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RedScare

Rat In Mi Kitchen

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Well, I was walking through the kitchen and saw an 8 inch tail sliding under my fridge. That explains the scratching noise I heard behind the counter last night, and it likely explains why my dogs were acting funny all day, too. So, what do y'all do to get rid of rats? Mousetraps are not really viable, as one of the dogs will likely try to eat the cheese and get snapped. Likewise, poison is only good if placed where the dogs can't get to it. I suppose I could use a shotgun, but I've heard that really screws up the paint.

Thoughts?

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Traps work best but you'd need to relocate the dogs outside or in another room.

I've got some cute east-end street cats that will fix your problem schnell. How many you want? Once the rat discovered you have dogs and no cats, he's invited all his rat friends by now.

Edited by crunchtastic

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Put the trap or traps under or behind the fridge where the dogs can't get to them. If it has an 8 inch tail though, you're gonna need one of those really big traps.

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I'm a fan of d-con rat poison. Because I have 3 dogs, I've bought the blocks that I can put behind the fridge or in the cabinets. Its worked in the past fairly quickly (days) and then I can just throw away the blocks without worrying about cleaning up residual poisons. You also get to see if they eat the poison. You just have to make sure you go into the kitchen before the dogs to make sure one of your supersized rats hasn't used the block as a soccer ball. I used for mice and they nibbled on blocks but never moved them.

http://www.d-conproducts.com/

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I'm a fan of d-con rat poison. Because I have 3 dogs, I've bought the blocks that I can put behind the fridge or in the cabinets. Its worked in the past fairly quickly (days) and then I can just throw away the blocks without worrying about cleaning up residual poisons. You also get to see if they eat the poison. You just have to make sure you go into the kitchen before the dogs to make sure one of your supersized rats hasn't used the block as a soccer ball. I used for mice and they nibbled on blocks but never moved them.

http://www.d-conproducts.com/

Where do they die? Am I likely to be dealing with the dead rat smell for awhile?

Crunch, I'd do the cat thing, but my dogs torment the neighbor cats enough already. I'm not sure I could get any sleep if they were in the house.

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I've had luck with the large sticky traps. I don't think they have any poison on them.

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Well, I was walking through the kitchen and saw an 8 inch tail sliding under my fridge. That explains the scratching noise I heard behind the counter last night, and it likely explains why my dogs were acting funny all day, too. So, what do y'all do to get rid of rats? Mousetraps are not really viable, as one of the dogs will likely try to eat the cheese and get snapped. Likewise, poison is only good if placed where the dogs can't get to it. I suppose I could use a shotgun, but I've heard that really screws up the paint.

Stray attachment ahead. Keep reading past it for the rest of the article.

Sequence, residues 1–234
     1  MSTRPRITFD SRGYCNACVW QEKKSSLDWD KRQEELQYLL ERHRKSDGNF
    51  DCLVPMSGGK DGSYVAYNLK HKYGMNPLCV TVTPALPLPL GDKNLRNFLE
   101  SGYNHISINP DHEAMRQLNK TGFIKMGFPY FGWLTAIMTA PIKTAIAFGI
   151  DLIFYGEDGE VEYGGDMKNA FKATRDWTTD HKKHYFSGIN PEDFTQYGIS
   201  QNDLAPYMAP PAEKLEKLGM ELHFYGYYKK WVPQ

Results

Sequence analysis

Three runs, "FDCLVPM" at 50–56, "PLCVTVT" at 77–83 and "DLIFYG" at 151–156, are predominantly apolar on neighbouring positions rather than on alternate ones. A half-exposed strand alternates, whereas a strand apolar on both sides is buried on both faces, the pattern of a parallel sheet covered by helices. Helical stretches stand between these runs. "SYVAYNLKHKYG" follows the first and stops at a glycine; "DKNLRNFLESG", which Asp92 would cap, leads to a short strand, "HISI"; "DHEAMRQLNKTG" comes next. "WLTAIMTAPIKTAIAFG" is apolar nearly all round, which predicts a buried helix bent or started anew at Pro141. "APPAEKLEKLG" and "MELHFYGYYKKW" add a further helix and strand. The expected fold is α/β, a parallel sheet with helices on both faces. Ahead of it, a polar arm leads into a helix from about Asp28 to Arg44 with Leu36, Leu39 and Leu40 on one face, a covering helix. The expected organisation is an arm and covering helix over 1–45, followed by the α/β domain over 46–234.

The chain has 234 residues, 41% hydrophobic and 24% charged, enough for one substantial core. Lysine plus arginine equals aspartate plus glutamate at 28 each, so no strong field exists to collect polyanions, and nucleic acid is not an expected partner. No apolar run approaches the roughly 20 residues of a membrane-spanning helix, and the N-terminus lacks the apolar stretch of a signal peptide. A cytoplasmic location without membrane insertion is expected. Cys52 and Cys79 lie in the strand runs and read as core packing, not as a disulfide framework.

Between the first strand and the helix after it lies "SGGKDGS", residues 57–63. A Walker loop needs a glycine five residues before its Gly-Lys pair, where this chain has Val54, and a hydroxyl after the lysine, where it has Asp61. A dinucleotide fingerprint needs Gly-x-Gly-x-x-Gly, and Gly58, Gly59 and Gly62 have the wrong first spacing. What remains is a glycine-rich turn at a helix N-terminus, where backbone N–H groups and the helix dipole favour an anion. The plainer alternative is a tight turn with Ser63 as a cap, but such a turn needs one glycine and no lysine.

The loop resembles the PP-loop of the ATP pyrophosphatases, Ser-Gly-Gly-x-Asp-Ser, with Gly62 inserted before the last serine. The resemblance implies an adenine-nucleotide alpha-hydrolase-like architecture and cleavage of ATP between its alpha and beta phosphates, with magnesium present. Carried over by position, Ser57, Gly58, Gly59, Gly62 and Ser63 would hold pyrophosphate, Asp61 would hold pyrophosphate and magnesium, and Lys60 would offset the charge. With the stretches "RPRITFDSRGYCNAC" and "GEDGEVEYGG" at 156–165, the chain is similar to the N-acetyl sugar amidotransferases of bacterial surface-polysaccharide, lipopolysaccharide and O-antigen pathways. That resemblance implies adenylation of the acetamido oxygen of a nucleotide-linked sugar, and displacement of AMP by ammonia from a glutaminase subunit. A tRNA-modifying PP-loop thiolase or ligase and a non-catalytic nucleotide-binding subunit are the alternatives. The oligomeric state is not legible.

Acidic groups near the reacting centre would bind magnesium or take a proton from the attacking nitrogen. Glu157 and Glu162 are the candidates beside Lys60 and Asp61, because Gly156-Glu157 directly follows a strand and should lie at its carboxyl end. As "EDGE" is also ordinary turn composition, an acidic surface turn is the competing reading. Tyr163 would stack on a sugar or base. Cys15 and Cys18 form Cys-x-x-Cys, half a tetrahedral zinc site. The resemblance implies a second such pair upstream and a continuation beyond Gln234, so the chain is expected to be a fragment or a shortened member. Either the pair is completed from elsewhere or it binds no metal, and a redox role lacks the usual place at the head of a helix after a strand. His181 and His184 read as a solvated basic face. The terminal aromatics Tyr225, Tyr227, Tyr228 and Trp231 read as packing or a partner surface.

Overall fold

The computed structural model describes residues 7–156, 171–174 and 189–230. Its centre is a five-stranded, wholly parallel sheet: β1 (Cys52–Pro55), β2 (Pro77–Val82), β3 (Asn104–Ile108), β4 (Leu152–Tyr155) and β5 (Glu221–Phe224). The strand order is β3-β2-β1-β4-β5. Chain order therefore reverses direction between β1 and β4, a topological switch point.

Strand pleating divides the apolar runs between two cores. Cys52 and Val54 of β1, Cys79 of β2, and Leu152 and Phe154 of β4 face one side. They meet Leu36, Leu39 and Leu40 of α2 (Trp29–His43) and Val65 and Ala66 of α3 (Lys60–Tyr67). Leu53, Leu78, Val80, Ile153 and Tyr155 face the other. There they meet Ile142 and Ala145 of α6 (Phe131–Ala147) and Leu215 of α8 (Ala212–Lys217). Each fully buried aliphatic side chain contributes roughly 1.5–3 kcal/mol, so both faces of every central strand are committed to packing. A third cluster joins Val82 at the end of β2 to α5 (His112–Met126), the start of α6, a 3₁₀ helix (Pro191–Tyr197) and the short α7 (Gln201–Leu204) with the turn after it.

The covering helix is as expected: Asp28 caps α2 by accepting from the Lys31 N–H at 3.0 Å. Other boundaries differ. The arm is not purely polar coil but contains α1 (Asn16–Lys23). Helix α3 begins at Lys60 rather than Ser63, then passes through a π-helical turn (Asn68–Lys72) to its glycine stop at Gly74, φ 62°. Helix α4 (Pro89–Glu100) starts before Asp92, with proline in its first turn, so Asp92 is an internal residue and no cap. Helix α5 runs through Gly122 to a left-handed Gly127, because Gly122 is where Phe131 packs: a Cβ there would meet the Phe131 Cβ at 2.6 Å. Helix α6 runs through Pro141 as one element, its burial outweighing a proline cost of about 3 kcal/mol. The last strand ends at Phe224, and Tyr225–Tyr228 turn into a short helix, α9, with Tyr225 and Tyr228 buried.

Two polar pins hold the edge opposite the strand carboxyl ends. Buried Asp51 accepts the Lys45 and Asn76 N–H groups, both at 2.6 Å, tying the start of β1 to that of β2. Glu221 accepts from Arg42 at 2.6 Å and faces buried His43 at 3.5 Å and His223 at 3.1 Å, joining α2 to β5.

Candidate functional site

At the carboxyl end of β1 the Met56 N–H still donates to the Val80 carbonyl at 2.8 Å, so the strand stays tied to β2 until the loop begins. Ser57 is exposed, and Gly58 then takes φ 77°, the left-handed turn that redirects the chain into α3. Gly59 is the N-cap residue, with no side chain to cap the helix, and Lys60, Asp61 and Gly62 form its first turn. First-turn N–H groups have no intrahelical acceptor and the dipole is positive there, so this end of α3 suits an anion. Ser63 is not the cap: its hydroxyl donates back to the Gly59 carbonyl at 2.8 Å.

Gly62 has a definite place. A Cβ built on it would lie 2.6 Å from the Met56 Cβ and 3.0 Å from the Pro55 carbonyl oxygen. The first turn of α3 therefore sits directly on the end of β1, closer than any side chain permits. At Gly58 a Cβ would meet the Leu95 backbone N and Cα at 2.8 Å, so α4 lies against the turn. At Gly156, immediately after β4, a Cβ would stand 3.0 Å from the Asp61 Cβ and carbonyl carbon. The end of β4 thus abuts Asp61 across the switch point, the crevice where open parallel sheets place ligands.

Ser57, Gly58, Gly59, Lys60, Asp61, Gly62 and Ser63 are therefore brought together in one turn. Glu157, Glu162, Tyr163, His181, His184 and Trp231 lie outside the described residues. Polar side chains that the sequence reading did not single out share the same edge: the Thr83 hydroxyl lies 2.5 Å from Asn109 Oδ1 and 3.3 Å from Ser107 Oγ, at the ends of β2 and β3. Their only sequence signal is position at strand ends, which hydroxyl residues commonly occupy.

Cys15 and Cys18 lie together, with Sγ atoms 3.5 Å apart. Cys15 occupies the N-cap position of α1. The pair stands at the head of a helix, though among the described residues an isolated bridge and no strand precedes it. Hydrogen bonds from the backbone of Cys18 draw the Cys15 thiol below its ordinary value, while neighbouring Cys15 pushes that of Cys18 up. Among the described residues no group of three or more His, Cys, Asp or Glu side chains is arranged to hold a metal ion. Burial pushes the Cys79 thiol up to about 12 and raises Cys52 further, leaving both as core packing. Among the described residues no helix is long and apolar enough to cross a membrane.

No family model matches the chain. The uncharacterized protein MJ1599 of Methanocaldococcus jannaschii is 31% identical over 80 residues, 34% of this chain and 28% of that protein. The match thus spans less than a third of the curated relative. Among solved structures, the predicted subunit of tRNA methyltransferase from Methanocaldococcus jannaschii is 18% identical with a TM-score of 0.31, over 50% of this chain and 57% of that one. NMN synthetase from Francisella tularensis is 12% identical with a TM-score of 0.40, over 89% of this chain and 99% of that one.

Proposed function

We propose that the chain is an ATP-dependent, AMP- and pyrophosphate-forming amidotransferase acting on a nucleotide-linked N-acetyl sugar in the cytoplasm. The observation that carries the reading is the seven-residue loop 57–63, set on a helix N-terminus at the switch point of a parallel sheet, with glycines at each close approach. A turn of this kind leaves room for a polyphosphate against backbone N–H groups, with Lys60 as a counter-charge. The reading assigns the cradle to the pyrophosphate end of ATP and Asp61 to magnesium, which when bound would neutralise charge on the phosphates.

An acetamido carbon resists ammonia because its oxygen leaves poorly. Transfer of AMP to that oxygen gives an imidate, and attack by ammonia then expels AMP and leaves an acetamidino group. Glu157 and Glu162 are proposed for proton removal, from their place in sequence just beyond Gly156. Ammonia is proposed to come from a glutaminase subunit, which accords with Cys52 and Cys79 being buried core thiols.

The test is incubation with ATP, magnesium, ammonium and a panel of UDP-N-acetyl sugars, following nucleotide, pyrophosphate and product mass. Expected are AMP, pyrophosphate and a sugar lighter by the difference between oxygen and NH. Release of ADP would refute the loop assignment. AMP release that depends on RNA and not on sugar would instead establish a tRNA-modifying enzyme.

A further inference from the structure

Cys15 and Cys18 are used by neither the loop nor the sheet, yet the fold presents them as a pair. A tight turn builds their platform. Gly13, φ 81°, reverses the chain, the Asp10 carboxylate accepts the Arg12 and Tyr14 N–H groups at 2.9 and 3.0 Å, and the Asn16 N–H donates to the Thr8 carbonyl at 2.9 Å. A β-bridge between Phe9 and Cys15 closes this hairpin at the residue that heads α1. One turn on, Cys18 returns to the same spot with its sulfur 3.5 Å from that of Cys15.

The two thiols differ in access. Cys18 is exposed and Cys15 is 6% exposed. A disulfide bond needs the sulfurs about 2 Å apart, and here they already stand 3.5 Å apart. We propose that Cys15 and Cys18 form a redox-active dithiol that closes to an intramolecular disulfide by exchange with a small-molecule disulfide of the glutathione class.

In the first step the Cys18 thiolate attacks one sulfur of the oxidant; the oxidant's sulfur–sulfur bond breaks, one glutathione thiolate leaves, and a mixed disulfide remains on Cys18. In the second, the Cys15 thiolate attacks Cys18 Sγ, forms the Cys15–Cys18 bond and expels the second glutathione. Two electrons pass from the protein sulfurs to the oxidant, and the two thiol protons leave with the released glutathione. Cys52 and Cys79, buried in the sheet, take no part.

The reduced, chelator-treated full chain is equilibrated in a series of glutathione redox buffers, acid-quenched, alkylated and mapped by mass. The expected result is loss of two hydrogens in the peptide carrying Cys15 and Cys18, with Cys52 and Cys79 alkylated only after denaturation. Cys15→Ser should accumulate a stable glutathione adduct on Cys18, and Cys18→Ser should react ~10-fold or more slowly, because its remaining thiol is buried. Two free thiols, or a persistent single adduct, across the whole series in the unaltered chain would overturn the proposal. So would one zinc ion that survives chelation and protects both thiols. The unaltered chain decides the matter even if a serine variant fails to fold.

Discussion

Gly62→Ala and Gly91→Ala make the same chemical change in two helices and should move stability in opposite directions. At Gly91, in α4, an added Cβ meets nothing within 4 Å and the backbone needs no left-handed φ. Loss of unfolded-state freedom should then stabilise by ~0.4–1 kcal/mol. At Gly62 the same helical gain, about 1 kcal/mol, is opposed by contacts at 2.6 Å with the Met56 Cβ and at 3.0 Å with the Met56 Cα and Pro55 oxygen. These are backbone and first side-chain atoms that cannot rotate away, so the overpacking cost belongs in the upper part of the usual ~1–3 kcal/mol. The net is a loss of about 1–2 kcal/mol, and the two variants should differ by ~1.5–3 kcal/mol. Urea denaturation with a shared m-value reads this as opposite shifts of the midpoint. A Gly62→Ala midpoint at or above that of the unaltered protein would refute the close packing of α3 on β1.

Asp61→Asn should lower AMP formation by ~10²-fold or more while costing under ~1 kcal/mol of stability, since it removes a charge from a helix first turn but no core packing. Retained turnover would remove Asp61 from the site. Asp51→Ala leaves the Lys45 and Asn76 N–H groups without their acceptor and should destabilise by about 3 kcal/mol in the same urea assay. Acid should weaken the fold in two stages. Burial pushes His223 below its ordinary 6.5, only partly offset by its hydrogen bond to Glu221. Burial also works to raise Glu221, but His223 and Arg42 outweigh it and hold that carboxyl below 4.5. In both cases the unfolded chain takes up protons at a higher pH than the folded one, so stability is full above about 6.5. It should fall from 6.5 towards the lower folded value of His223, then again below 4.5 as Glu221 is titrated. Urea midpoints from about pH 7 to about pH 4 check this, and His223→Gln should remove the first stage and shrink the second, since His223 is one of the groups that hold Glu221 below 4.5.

Thoughts?

I'll let you borrow my battery-powered full-auto airsoft rifle for a while if you like. It fires plastic 6mm ammunition at a high enough velocity to leave a deep welt on a human or leave a semispherical crater in sheet rock. It'd probably cause enough of a shock and deep-enough bruising to immobilize a rat. I'll lend you the bayonet, too, for when you move in for the kill.

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While you're deciding how to get rid of him you better also be trying to figure out how he got in. Otherwise you'll kill one and end up with one or more replacements.

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I suppose I could use a shotgun, but I've heard that really screws up the paint.

If you've got a pistol, go down to your favorite gun shop and pick up some snake-shot. Like a shotgun shell for your pistol, specifically designed for critter-ridding. If you can corner him with that there won't be much, if any, collateral damage.

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I had a mouse infestation several years ago...we used a dozen glue traps to catch more than a dozen mice.

As was said above, the biggest issue is not getting rid of the mice, but keeping them out. For me, first thing was to kennel one of my dogs during the day. When loose, we couldn't keep the damn dog out of the trash. And unbeknownst to us, he was stashing food in between cushions of the couch...major draw for mice. You should check to see if you've had food nibbled on, boxes chewed through, bags eaten through.

Secondly, I found (and filled) lots of holes in my house that I didn't realize existed, gaps around pipes, at the base of cabinets, gaps under baseboards (which meant clear path to the outdoors in a pier and beam house.) Used lots of cans of spray foam insulation.

But yeah, the glue traps were best for catching the mice. The spring-loaded traps didn't always work, and with poison I was afraid of where the mice would die. The glue was fool-proof...but definitely not the most humane way of disposing of animals, if you're squeamish about that sort of thing. I did have a few twinges of guilt as I threw living, squirming animals into the trash...but then I remembered it was a frickin mouse and I'd rather it be in the trash than in my kitchen.

Best of luck Red. That was not a fun time at my house. I had hallucinations of mice scurrying through the kitchen for months afterwards.

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Secondly, I found (and filled) lots of holes in my house that I didn't realize existed, gaps around pipes, at the base of cabinets, gaps under baseboards (which meant clear path to the outdoors in a pier and beam house.) Used lots of cans of spray foam insulation.